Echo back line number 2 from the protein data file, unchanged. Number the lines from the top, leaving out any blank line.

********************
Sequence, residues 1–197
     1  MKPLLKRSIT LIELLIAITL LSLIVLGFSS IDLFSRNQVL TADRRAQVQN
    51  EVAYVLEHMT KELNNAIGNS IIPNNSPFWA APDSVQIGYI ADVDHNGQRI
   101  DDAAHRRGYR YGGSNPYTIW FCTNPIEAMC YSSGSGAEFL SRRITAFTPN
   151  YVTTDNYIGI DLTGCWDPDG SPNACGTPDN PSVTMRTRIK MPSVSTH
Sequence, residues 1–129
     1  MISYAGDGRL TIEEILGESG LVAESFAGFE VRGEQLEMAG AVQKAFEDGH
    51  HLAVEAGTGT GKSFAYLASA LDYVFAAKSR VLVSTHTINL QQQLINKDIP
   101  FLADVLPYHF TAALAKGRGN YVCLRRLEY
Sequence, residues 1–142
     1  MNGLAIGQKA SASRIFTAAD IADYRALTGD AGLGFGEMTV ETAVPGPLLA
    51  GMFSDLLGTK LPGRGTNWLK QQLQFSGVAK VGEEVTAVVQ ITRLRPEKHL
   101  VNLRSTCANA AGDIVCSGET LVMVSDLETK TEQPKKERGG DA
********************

     1  MKPLLKRSIT LIELLIAITL LSLIVLGFSS IDLFSRNQVL TADRRAQVQN